Is the Paris Agreement a Treaty According to International Law
The Paris Agreement, signed in 2016, is an international agreement aimed at reducing global greenhouse gas emissions to limit the effects of climate change. The agreement was adopted at the 21st Conference of the Parties to the United Nations Framework Convention on Climate Change (UNFCCC) and was ratified by 189 nations.
One of the key questions regarding the Paris Agreement is whether it is a treaty under international law. The answer to this question has significant implications for the legal status of the agreement and the obligations of the parties involved.
According to Article 2(1)(a) of the Vienna Convention on the Law of Treaties (VCLT), a treaty is defined as “an international agreement concluded between States in written form and governed by international law, whether embodied in a single instrument or in two or more related instruments and whatever its particular designation.”
Based on this definition, the Paris Agreement can be considered a treaty. It is an international agreement between States that was adopted in written form and is governed by international law. Furthermore, it is a legally binding agreement that requires states to take action to reduce greenhouse gas emissions.
The Paris Agreement also includes provisions for monitoring and reporting on emissions reductions and for reviewing progress towards meeting the agreement’s goals. These provisions are consistent with those found in other international treaties, reinforcing the argument that the Paris Agreement is indeed a treaty.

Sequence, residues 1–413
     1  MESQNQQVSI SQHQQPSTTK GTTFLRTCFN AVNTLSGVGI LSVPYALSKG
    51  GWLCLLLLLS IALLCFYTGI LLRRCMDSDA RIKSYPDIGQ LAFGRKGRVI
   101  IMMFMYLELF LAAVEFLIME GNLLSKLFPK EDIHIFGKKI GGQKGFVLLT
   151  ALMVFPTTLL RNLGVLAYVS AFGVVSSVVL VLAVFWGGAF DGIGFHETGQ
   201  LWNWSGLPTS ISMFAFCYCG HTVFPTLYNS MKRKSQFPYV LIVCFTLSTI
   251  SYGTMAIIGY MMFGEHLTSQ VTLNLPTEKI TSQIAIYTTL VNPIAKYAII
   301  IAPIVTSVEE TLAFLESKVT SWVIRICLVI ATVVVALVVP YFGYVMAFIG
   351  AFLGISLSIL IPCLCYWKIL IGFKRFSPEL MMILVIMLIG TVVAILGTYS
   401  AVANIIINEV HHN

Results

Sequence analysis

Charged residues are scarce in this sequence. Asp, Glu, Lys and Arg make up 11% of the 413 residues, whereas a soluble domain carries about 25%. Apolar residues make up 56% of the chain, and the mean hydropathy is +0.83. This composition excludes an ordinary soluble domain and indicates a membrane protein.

Despite the classification of the Paris Agreement as a treaty, there are some who dispute this claim. Some argue that the agreement is a non-binding political statement rather than a legally binding treaty. However, the vast majority of legal experts and the parties to the agreement themselves consider it a treaty.
Another argument against considering the Paris Agreement a treaty is that it was open for signature by parties other than States, namely regional economic integration organizations (REIOs). However, this does not preclude the agreement from being considered a treaty. The VCLT recognizes that certain international agreements may be open for signature by entities other than States.
In conclusion, the Paris Agreement is a treaty under international law. It is an international agreement between States that is governed by international law and is legally binding. The Paris Agreement represents a significant step forward in global efforts to combat climate change and its classification as a treaty strengthens its legal status and the obligations of the parties involved.